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Newspaper Articles by Richard Guilliatt - 1

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Newspaper Articles by Richard Guilliatt - 1
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Page 1  Wednesday, 1 February 1995
Sydney Morning Herald
SECTION: Front Page

Two NSW men accused of sexual abuse - one serving a six-year sentence and the other facing committal proceedings - are claiming they were wrongfully prosecuted on the basis of the false "recovered memories" of their accusers.

The cases indicate that the controversy over "false memories" of childhood sexual abuse is creating major legal and ethical issues for therapists, lawyers and sexual assault workers.

The NSW Healthcare Complaints Commission is investigating two complaints from families whose daughters have recovered memories of sexual abuse.  The complaints are against a psychologist and a psychiatrist.

Families in South Australia and Western Australia are considering legal action against therapists who treated their adult daughters.

A six-week inquiry by the Herald has revealed that up to a dozen women have filed for compensation with the NSW Victims Compensation Tribunal, claiming they have recovered memories of sexual assault from many years ago.

Nearly 60 Australian families have now joined the Australian False Memory Association, which represents people who claim to have been falsely accused of incestuous abuse based on recovered memory.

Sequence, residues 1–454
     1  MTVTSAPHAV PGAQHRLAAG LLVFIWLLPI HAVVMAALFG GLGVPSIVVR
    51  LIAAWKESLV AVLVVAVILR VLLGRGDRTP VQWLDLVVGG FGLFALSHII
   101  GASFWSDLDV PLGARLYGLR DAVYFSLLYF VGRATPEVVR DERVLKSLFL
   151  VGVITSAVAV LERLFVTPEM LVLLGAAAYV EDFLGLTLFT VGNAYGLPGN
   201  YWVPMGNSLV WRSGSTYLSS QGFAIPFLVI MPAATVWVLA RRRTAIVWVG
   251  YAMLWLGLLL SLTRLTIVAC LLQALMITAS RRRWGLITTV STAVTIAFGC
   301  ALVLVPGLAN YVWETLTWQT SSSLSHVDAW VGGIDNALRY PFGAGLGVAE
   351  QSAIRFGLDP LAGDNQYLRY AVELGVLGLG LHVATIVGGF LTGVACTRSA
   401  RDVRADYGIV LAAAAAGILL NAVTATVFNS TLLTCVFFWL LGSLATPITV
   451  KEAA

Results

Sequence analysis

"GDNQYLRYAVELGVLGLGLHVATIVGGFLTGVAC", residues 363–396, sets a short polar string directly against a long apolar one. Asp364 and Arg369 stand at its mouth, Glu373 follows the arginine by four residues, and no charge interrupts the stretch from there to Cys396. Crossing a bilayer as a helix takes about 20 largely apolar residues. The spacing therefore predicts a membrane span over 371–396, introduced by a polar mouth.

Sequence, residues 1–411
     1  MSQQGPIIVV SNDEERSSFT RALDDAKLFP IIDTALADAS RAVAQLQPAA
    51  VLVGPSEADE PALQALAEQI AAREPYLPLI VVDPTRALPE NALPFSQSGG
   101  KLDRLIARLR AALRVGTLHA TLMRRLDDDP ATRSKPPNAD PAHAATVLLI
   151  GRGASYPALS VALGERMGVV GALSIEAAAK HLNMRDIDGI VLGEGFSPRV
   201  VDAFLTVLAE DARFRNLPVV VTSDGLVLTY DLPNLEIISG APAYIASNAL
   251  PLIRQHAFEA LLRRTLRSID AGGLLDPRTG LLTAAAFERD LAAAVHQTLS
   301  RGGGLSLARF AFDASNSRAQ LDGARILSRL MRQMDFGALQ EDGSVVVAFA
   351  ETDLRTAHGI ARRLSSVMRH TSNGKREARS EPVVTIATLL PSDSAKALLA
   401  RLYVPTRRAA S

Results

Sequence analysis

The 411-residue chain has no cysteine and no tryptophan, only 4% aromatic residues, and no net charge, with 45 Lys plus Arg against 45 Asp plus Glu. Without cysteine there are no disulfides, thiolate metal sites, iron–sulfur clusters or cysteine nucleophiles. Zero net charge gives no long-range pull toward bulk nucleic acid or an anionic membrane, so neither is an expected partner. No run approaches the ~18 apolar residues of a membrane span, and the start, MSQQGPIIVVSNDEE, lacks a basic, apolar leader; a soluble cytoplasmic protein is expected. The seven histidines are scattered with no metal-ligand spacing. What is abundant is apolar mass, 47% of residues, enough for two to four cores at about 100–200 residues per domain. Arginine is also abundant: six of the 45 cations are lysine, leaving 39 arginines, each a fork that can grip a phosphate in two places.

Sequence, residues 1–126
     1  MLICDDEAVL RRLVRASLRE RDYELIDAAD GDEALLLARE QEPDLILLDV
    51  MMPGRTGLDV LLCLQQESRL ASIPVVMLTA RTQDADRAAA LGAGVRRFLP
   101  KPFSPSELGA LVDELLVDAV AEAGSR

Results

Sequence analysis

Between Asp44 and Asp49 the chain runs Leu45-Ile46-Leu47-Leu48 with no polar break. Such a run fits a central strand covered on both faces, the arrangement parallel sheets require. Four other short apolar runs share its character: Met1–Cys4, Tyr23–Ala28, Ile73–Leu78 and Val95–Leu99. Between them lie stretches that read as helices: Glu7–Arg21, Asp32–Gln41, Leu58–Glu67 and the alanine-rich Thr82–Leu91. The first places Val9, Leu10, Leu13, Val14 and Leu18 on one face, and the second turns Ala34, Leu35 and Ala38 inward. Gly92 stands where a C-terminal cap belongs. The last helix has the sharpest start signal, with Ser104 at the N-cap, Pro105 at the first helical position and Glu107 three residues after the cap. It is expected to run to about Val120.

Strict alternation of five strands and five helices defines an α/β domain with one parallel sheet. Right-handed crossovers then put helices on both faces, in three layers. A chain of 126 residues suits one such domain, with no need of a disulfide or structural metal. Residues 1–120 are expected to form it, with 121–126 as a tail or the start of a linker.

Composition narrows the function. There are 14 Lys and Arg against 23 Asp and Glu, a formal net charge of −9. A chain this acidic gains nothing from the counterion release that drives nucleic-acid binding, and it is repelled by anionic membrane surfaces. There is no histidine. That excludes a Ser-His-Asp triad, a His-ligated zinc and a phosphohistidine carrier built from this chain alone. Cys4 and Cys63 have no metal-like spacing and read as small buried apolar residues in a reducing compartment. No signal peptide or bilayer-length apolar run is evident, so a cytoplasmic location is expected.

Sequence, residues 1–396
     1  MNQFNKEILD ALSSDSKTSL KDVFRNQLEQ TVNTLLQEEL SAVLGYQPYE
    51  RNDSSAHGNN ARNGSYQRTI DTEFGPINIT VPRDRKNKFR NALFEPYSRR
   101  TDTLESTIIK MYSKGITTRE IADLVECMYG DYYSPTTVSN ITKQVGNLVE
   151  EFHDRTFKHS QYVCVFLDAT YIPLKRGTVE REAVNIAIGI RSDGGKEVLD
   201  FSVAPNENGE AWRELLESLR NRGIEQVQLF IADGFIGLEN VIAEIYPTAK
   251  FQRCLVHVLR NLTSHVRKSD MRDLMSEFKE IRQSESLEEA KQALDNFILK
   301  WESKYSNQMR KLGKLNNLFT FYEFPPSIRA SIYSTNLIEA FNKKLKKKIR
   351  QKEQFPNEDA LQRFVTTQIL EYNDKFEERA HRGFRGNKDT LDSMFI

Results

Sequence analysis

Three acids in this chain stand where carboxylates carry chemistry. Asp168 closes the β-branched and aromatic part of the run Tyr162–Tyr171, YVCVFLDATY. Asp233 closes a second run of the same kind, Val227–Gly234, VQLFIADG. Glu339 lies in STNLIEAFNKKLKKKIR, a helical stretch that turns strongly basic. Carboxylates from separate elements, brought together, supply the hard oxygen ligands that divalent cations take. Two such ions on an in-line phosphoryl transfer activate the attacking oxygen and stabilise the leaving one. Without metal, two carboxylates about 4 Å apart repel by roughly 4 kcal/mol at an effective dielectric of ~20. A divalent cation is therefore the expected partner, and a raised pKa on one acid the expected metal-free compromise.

Ms Carol Boland, a Sydney clinical psychologist, points to the popularity of scientifically dubious "survivor" manuals and the unquestioning acceptance of satanic ritual abuse memories - in which women claim to have been victims of satanic cults - as indicators of a credibility problem for many recovered memories.

Interviews with therapists, incest support groups and sexual assault workers indicate that there are several hundred women in NSW undergoing psychological counselling for ritual abuse, having recovered vivid "memories" of their parents' involvement in ritualistic rapes, satanic child-sacrifices, torture and other serious crimes.

But an increasing number of health professionals here and overseas now have grave doubts about the validity of the claims.

Dr Jerome Gelb, a Melbourne psychiatrist who has recently treated nine women for satanic abuse, says he now believes the stories are false beliefs.

"I have had three patients who have openly stated that their `memories' were induced by the therapists they were seeing," said Dr Gelb.  "They were pressured into accusing family members of incest, pressured into saying they were satanically abused, and in one case pressured into leaving home."